Francis Lui edged to the positive side of caution regarding Golden Sixty’s chances of making the Hong Kong Classic Cup (1800m), after leading his Classic Mile winner home from exercise at Sha Tin yesterday morning (Tuesday, 11 February).
Word rattled around the racecourse during Saturday’s meeting that the handler’s rising star was laid low with a high temperature, and that the second leg of Hong Kong’s Four-Year-Old Classic Series, on 23 February, was likely off the agenda.
“He’s still a chance,” Lui said. “His temperature is back to normal but we still have to monitor him for these few days. If he’s okay we will work him next week.
“We’ll see how he is and check his blood and if everything is normal we might carry on. Everything depends on how he works in his track work – he looks okay because he trotted in the trotting ring and he was fresh, but we’ll see.
“We will gallop him next week and that will decide whether or not he runs.”
Not long afterwards, Lui watched from the trainers’ stand as his other star four-year-old, More Than This, put in a smart barrier trial under his new big-race pilot Zac Purton. The exciting bay was a ground-devouring second to Golden Sixty in last month’s Hong Kong Classic Mile.
Purton was pleased with the workout in which the British import passed the post third behind Baltic Success in a time of 1m 11.87s.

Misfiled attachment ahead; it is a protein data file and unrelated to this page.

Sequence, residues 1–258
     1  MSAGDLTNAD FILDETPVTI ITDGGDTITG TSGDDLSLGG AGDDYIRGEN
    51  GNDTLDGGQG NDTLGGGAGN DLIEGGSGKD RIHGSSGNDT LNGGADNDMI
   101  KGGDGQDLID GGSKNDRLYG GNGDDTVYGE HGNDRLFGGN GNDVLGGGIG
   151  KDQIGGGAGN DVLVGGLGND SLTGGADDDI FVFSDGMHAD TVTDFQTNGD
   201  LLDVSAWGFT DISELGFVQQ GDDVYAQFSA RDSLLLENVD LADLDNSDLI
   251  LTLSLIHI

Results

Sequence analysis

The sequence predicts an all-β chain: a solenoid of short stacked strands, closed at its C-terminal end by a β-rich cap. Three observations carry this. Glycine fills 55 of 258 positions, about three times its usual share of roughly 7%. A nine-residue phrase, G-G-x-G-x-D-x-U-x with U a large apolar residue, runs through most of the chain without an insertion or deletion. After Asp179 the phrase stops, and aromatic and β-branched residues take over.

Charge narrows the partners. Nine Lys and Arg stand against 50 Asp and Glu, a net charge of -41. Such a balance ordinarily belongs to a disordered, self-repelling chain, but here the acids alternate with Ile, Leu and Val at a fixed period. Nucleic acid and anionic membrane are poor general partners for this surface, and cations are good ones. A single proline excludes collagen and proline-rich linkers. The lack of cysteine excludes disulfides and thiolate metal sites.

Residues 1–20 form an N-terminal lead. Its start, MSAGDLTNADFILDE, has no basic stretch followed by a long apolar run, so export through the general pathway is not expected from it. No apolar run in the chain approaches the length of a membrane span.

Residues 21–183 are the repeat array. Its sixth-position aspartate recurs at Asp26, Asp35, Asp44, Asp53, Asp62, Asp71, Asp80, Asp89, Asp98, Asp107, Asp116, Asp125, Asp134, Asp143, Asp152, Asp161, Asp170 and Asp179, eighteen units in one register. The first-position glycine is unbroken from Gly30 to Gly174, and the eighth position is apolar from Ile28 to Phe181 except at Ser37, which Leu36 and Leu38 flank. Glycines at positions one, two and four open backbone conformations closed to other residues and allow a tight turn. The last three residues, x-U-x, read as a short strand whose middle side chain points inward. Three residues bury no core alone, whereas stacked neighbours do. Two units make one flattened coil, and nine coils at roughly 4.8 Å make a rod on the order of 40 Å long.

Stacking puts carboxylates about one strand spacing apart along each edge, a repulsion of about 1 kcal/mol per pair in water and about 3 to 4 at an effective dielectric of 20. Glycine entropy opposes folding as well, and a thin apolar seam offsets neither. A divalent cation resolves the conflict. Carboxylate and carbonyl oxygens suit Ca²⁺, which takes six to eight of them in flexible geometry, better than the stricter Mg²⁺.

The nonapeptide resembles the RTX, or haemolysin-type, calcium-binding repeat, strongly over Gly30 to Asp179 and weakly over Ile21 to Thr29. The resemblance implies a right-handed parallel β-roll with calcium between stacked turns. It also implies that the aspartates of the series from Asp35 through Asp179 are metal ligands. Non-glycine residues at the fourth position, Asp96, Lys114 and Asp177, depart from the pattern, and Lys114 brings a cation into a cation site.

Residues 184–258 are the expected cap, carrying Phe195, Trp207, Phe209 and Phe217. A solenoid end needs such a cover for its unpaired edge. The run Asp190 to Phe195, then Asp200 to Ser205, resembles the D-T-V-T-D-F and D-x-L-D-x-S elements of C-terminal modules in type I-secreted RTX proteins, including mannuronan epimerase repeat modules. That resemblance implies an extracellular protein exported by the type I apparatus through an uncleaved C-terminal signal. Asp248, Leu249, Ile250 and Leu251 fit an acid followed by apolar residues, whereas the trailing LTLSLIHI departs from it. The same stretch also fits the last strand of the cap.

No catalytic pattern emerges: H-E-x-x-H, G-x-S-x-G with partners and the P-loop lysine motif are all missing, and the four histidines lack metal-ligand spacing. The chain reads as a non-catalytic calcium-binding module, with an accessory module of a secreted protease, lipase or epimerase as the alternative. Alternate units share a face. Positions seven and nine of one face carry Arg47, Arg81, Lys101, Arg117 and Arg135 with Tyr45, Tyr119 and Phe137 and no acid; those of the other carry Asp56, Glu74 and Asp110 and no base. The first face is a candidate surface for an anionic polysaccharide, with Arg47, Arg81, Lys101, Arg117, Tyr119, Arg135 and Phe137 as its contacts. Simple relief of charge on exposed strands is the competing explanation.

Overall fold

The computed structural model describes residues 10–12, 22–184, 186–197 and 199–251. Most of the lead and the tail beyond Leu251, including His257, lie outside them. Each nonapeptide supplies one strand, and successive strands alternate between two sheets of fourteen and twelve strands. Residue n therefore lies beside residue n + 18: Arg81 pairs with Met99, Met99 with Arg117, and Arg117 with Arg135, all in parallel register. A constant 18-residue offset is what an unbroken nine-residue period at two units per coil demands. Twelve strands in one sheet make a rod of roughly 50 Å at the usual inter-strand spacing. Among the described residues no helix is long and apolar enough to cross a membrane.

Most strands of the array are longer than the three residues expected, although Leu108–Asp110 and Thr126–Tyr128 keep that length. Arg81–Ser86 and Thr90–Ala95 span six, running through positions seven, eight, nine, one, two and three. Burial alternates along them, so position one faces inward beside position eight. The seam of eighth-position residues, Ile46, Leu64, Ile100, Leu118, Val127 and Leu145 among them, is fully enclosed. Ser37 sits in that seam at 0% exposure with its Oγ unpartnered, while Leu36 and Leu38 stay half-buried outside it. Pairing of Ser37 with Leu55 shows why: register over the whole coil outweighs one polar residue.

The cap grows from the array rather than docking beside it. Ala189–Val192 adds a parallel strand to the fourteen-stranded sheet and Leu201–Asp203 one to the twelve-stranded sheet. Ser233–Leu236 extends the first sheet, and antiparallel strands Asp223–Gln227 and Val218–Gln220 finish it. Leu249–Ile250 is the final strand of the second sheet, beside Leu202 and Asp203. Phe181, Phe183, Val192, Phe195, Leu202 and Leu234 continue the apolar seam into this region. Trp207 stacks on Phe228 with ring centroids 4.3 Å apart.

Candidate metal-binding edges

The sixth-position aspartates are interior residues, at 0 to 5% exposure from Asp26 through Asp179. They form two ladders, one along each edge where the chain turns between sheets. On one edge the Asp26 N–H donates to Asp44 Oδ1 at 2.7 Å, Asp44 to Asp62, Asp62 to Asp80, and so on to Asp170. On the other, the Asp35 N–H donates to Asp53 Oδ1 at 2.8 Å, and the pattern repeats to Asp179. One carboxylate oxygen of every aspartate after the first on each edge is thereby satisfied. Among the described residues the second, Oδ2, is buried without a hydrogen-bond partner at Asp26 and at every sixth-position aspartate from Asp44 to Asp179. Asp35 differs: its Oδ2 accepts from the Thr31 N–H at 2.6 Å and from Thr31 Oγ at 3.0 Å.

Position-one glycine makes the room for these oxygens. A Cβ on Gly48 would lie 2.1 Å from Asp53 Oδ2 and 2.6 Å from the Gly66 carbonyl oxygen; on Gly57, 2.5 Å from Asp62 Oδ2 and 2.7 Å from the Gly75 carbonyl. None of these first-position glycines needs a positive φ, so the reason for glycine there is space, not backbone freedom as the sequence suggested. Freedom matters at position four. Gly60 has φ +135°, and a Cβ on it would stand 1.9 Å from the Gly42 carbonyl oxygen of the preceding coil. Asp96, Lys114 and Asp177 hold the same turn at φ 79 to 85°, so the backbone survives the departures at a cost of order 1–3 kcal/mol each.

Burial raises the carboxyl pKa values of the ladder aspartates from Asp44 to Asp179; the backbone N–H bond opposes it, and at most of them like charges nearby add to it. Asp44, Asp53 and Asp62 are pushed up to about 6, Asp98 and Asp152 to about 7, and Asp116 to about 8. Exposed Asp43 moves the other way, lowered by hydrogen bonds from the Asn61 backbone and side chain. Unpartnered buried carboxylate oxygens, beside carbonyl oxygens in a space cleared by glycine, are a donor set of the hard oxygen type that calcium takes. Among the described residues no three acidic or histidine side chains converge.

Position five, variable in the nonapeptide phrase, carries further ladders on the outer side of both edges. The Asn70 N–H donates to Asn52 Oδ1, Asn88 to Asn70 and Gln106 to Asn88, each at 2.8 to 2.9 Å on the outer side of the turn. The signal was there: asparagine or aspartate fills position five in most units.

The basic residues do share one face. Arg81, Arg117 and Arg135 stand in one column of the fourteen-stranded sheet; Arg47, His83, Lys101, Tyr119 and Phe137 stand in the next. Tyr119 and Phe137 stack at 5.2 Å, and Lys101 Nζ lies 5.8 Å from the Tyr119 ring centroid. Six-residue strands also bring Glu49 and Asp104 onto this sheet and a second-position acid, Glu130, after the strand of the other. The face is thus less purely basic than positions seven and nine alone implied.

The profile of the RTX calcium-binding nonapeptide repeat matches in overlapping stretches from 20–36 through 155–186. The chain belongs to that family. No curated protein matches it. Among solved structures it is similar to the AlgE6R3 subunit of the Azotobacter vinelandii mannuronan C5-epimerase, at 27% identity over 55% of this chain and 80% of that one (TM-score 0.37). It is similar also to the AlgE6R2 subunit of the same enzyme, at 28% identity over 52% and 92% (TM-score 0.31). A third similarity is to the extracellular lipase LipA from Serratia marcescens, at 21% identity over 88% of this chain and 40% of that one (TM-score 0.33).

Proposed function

“I’ve trialled him twice now recently and he’s begun well both times. That trial was run at a strong tempo and it was over 1200 metres, which is short enough for him,” the champion jockey said.
“I was happy with the way he moved during the trial; I was happy with the way he lengthened stride and improved into it around the corner into the straight; I was happy with the trial overall.
“He’s looking at going beyond a mile now so you wouldn’t expect him to be travelling that strongly in a trial run like that at that distance but he began really well,” Purton added.
More Than This, for all that he has performed impressively this season, has looked lazy at the start of his races. And, in his recent runs, the Dutch Art gelding has straightened his tail when his rider has got busy, before closing off soundly nonetheless. This morning, the bay stopped at the top of the ramp, waited and looked around before moving on to the track.
“He’s a very quirky horse,” Purton said. “It took us a long time to get him to start showing us anything. I rode him for months and months in work when he first came here and he had no interest early. Some mornings he tried to half-bite his work partner and it was common for him to want to have a kick at them as well.
“He’s just got a playful character – you wouldn’t notice it to see him in a race, you’d think he’s quite laid back but he’s a thinker. He just likes to do his own thing.”